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October 29, 1974

Lawrence BROOKINS, Defendant. UNITED STATES of America v. Andres GUECHE, Defendant

The opinion of the court was delivered by: LACEY

LACEY, District Judge.

 Before the Court are identical motions by defendants Lawrence Brookins, Cr. No. 577-73, and Andres Gueche, Cr. No. 74-3, for dismissal of their indictments on the grounds that the statute underlying the indictments, the Comprehensive Drug Abuse Prevention and Control Act of 1970, 21 U.S.C. Sec. 801 et seq. (hereinafter the 1970 Act), is unconstitutional as it applies to cocaine.

 Defendants, in connection with their motions, seek an evidentiary hearing. In view of the affidavits submitted, and in light of the issues raised, no evidentiary hearing is required, see United States v. Smaldone, 484 F.2d 311 (1973), cert. denied, 415 U.S. 915, 94 S. Ct. 1411, 39 L. Ed. 2d 469 (1974), and the motions to dismiss are denied.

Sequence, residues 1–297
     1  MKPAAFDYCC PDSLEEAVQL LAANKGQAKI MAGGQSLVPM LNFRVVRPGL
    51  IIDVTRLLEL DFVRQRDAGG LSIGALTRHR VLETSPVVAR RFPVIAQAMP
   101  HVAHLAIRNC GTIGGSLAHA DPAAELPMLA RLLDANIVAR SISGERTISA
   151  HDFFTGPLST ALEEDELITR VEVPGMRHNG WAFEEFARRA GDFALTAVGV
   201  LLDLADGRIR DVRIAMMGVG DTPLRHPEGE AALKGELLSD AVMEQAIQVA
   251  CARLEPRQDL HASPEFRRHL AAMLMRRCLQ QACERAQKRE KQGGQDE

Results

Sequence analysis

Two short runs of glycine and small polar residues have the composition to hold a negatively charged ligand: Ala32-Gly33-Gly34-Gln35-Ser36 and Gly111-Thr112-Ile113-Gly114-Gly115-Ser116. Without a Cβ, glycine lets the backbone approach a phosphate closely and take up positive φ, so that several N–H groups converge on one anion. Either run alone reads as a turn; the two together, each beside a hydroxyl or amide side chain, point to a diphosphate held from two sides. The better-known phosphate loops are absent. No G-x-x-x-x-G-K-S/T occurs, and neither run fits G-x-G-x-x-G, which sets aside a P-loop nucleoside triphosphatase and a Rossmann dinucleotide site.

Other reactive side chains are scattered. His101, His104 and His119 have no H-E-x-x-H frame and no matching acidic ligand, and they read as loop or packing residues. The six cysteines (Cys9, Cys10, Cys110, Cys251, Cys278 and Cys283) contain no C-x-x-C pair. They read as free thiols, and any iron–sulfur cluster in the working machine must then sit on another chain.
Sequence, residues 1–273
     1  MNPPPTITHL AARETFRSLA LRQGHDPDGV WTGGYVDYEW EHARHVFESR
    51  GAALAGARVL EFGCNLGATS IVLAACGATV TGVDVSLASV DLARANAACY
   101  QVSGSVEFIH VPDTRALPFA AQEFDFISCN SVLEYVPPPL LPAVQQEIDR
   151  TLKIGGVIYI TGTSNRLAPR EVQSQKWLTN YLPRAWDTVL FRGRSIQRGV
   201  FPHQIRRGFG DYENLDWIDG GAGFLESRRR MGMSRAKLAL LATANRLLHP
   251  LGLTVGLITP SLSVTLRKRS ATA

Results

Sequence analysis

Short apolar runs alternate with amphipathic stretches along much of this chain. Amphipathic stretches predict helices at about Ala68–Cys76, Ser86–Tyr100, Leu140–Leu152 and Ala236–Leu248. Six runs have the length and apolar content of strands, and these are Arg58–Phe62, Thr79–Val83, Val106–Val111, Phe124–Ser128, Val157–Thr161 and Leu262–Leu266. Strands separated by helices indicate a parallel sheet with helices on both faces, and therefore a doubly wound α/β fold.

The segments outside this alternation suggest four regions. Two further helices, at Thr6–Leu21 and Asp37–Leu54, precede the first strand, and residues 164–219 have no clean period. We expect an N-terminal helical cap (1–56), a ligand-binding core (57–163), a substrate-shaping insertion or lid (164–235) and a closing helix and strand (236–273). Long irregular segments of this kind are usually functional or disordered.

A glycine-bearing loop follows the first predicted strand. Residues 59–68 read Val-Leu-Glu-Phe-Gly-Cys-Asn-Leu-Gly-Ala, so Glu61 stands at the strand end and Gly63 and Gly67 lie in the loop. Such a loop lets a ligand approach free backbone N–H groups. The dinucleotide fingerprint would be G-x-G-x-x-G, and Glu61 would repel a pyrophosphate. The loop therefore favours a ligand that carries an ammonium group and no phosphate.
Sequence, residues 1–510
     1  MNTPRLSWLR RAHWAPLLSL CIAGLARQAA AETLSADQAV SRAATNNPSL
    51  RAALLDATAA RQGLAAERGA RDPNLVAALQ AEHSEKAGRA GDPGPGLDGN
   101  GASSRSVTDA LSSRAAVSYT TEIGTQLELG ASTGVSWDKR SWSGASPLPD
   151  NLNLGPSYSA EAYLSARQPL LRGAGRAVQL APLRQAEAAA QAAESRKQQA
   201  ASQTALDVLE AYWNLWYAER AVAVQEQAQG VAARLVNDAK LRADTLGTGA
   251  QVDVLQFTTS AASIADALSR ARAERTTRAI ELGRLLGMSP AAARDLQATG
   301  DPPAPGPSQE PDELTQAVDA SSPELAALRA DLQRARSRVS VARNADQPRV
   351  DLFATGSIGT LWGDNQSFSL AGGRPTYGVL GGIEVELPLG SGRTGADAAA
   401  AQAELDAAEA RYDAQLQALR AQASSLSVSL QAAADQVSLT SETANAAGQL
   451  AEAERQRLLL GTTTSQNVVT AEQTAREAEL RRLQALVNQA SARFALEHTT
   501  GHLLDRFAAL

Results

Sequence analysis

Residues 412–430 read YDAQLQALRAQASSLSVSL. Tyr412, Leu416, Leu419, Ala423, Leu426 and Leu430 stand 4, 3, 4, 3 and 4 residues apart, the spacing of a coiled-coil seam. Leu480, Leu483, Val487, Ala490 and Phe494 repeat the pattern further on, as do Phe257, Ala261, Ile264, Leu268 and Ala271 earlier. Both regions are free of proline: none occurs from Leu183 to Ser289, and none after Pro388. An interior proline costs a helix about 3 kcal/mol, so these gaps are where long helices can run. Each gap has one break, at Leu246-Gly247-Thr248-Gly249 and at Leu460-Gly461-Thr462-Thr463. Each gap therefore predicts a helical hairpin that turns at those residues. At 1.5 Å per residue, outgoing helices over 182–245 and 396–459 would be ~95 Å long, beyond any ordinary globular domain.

Defendant Brookins is charged in a one-count indictment with having knowingly distributed 16.19 grams of cocaine in violation of 21 U.S.C. Sec. 841(a)(1). Defendant Gueche is charged in a two-count indictment with having distributed on one occasion 1.6 grams of cocaine, and, on another occasion, 111 grams of cocaine, also in violation of 21 U.S.C. Sec. 841(a)(1).

 The defendants contend that the statutory maximum penalty provided for their offenses, a term of imprisonment of not more than 15 years and a fine of not more than $25,000, or both, see 21 U.S.C. Sec. 841(b)(1)(A), is violative of their due process rights as guaranteed by the Fifth Amendment of the Constitution. More specifically, defendants allege that the classification of cocaine as a narcotic drug, see 21 U.S.C. Sec. 802(16), is arbitrary, irrational and without basis in fact. As a result, they argue, the penalty provisions of 21 U.S.C. Sec. 841(b)(1)(A), as they apply to schedule II narcotic substances, which include cocaine, see 21 U.S.C. Sec. 812(c), unconstitutionally deprive them of liberty without due process. While conceding that cocaine is properly classified as a schedule II substance, see 21 U.S.C. Sec. 812(b)(2) (Defts' Reply Brief, at 11, 12), defendants urge that the maximum potential penalty for the distribution of cocaine, if properly defined and classified as a non-narcotic substance, would be 5 years imprisonment and a fine of $15,000, see 21 U.S.C. Sec. 841(b)(1)(B).